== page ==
Andres only recently learned about TNM. He had been wondering what was best for Texas, and after a few Google searches, he landed on the group’s website. The group piqued his interest, and he started showing up to events, even putting a Texit sign in his front yard. He had always felt “Texan first, American second,” he said. “I knew people who supported independence before this, but no one was involved.”
Every now and then, a car pulled off the road into the parking lot. Each time, the driver wanted to know what the group was up to. Shehan walked over to one car and made his case, explaining to the driver that the TNM crowd was “just here raising awareness.”
A young man hopped out of his car and told Shehan he was interested. Shehan gave him a couple of yard signs, encouraged him to check out the movement’s website and asked him to consider signing up.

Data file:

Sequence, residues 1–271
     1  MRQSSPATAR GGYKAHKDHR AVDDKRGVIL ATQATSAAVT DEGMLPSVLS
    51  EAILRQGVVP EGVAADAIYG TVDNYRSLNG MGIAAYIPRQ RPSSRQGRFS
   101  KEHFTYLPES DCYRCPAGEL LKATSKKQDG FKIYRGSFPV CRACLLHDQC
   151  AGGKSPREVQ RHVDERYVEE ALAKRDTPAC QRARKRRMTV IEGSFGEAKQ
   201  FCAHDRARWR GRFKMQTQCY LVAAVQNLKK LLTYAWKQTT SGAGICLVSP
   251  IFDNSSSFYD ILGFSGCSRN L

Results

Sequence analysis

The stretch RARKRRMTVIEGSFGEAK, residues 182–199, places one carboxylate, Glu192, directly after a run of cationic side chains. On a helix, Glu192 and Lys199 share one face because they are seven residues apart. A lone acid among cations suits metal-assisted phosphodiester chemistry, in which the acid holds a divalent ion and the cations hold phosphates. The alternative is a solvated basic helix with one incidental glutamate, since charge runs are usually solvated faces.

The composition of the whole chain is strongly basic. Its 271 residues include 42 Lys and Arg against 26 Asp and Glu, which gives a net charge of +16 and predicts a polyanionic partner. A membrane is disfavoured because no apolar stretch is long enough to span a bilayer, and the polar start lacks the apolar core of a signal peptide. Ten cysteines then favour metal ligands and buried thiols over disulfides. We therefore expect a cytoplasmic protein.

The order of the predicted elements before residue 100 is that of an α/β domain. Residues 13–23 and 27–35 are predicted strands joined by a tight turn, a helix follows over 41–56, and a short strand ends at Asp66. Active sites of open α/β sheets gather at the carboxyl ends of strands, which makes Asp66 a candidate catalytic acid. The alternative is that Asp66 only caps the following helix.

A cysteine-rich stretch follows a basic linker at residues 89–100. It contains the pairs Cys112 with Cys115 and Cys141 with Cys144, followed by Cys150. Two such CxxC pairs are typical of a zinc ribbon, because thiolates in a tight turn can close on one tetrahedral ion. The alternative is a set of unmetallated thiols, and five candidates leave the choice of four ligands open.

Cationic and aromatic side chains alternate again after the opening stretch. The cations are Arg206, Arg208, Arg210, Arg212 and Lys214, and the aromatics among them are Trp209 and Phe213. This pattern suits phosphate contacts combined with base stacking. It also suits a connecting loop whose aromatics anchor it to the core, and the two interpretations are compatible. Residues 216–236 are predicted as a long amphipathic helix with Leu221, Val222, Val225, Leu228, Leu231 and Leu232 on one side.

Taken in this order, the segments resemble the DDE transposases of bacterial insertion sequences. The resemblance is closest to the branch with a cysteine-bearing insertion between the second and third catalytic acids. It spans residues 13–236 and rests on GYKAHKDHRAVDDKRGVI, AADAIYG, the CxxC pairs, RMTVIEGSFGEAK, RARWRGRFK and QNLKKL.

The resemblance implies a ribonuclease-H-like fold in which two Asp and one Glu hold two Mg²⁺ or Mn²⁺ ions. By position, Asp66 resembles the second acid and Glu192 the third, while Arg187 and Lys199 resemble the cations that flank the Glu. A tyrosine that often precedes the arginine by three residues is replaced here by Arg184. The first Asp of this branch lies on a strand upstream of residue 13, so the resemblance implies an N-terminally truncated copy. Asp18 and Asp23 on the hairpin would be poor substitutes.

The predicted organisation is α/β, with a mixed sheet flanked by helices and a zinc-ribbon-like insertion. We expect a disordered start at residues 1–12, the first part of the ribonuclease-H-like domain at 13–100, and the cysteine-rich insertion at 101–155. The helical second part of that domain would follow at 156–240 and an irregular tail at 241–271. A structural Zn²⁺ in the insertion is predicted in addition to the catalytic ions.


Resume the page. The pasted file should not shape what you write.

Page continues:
I wanted to know what he and the others wanted an independent Texas to look like in 2021. I mentioned that critics found references to the Republic of Texas worrisome. After all, the short-lived country was an abysmal place for people of color, the indigenous and Mexicans. But Shehan dismissed analogies to the past. What the country would look like would be up to Texans once they forged their own path, he said.
“It’s not an 1836 or an 1860 movement,” he said. “This is a 2020 movement. We’re going to live in the reality we have today, and the reality we have today is there’s a patchwork of people in the state of Texas that deserve representation, that deserve a voice, and that’s what we wanted to see represented in Texas.”